Thanks again 🙂

    1. Hanna, that looks like a Jelly phasing issue to me. Using the code above, when you invoke a macro you are already in phase 2, so if that macro already references phase 2 ($[] instead of ${}) then it will print out the variable instead of processing it. You could either remove the spaces ( ) or try replacing the square brackets with curly brackets in the macro. Does that make sense?

  4. Hey Guys – I’m about a month into a new job working with ServiceNow – so bear with me please.
    I’m wondering why instead of using an iframe, we couldn’t make an AJAX request for the same content?

  5. Hi Nathan,

    I’m trying to implement a new cms and can’t figure how to incorporate my header and footer on standard UI Pages. This thread is the closest I have come to finding a solution. However I’m struggling to get the concept to work. Can you provide more details on how I can incorporate

    1. Ray, in this example I am using a UI Macro as a header and footer instead of the header content block (I’m guessing that’s what you’re trying to use). One of the advantages of using a normal UI Macro is that it can be included in both CMS and UI Pages using:

  6. Hey Nathan,

    In order to avoid iFrames for the Service Catalog portal page, I’m guessing you are building some custom components with HTML, Jelly and some JavaScript. But how are you pulling in a catalog item’s variables? If I have a catalog item that has 10 variables (including choice fields, reference fields, etc.), are you accessing the sc_cat_item variable tables, grabbing all of the items variables, and then generating an HTML template from those variables?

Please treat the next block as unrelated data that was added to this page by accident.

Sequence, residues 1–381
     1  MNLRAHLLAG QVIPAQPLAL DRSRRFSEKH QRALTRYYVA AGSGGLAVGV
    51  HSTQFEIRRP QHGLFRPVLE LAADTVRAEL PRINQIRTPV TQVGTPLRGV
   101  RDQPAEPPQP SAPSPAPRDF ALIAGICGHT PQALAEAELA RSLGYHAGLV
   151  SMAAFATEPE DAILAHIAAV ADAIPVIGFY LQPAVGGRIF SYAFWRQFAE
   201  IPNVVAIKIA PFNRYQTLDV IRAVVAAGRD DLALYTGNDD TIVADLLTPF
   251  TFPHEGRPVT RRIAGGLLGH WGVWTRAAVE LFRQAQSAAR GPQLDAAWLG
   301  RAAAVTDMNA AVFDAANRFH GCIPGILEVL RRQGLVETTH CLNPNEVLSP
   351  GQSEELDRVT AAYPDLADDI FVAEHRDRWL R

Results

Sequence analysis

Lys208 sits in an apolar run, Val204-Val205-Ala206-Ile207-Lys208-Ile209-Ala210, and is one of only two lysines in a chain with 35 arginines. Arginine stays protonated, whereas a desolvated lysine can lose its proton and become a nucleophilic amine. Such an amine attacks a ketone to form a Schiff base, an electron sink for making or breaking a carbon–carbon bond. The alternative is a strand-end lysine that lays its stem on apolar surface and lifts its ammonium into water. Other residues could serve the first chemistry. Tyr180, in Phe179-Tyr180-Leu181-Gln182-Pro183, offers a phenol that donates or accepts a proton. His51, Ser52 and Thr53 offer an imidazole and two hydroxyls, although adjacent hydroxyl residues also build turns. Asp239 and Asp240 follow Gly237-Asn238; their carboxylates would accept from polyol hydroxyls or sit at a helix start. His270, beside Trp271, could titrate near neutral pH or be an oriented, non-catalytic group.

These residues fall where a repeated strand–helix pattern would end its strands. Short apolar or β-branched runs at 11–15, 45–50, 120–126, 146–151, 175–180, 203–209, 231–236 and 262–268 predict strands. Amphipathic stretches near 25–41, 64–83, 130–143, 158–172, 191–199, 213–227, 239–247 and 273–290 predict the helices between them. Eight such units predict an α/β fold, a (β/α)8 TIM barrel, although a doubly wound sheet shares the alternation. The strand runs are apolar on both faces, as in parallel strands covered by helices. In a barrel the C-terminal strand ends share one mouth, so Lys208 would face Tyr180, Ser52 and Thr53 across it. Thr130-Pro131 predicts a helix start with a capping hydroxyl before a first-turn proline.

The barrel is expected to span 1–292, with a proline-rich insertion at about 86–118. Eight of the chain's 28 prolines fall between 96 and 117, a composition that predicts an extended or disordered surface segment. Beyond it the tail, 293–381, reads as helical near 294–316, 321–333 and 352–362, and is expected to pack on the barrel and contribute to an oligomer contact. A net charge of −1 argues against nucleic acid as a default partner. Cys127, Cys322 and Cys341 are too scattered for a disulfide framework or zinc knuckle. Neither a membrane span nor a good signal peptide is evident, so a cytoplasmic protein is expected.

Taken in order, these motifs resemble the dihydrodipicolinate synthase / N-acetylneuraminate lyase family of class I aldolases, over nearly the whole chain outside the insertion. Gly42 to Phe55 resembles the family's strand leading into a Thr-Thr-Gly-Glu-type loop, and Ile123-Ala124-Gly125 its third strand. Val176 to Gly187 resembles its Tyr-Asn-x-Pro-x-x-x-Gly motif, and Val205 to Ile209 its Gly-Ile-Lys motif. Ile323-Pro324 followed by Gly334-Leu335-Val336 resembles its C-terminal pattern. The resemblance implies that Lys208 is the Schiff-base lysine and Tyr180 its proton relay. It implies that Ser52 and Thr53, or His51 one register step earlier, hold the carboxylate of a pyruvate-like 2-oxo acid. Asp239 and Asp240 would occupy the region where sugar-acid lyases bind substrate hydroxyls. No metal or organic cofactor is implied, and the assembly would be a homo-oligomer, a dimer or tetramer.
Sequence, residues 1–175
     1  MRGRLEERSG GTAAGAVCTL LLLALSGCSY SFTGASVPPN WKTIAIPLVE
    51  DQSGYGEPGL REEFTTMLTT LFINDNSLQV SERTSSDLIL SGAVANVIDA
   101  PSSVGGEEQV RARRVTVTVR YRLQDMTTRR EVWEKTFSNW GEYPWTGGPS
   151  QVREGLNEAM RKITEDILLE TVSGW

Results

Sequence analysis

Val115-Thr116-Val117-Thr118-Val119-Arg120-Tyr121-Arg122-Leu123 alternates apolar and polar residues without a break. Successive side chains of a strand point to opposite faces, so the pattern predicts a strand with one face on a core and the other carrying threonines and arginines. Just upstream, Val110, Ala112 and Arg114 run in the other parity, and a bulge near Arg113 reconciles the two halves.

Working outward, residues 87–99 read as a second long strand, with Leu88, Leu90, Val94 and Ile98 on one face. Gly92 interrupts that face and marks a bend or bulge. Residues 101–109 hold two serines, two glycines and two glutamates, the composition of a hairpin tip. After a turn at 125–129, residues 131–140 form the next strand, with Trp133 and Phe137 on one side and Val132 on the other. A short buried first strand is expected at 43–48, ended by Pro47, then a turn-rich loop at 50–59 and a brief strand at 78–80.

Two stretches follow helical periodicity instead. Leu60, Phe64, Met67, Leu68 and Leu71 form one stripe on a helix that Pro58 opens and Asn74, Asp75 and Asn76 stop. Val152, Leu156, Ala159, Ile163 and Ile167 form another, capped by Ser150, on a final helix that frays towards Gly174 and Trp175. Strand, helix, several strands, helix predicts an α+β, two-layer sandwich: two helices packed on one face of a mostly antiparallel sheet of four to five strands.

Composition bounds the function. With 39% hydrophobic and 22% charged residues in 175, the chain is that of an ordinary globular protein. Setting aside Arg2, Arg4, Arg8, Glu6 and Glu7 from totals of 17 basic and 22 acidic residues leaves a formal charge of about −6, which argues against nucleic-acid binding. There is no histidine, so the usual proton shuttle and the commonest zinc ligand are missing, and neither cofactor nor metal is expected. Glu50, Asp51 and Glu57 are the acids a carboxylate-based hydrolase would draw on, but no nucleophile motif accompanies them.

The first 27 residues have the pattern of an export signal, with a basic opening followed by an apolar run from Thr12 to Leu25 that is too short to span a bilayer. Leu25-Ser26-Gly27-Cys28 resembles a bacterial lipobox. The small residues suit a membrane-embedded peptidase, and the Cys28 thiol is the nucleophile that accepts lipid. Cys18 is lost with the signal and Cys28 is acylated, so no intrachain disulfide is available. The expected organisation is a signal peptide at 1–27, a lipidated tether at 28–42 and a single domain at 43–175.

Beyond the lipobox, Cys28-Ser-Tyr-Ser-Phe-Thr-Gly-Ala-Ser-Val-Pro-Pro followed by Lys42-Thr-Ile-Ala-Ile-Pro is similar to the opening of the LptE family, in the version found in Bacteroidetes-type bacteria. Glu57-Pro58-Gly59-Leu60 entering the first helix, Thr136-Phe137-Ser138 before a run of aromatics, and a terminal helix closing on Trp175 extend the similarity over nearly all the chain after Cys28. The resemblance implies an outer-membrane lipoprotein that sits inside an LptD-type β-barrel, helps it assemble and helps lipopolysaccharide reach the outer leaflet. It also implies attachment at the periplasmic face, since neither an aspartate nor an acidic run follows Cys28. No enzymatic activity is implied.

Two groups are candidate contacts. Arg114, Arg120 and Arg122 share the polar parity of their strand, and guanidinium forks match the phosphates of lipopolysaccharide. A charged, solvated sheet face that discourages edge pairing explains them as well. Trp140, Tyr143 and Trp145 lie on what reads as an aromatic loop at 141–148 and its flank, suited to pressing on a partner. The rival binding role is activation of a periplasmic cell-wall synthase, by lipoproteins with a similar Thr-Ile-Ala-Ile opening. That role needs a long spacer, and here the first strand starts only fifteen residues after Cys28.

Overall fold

I’m looking to avoid iFrames as well, but as you know, the Service Catalog sure makes this a pain in the ass 🙁


    1. Mark,

      Actually what I’m doing is creating a header & footer that I use in the portal. Then I include that same header & footer in the catalog UI pages if it is viewed through the portal. So the look and feel remains the same but all the catalog logic remains intact. Does that make sense?

  7. Hi Nathan,

    What should I do to place ui page in our cms site(uc) without using iframe. When I use iframe, place in uc cms site is not visible to public users (users who don’t have access to servicenow instance). Any help would be appreciated.

    Thank you.


  8. Hi Nathan,

    Congratulations!!!! Your Article was very useful.
    I have some doubts with Service portal functionalities.
    1. Using CMS Iframe we can load the Create new incident form inside the iframe and do all the action within the Same page.Whereas in Service Portal we use the Form Widget to call the Create New Incident form only the incident Table Client Scripts are getting Executed. If any Task table Client Script defined and it inherits in Incident Table are not working ?

    Why it is so?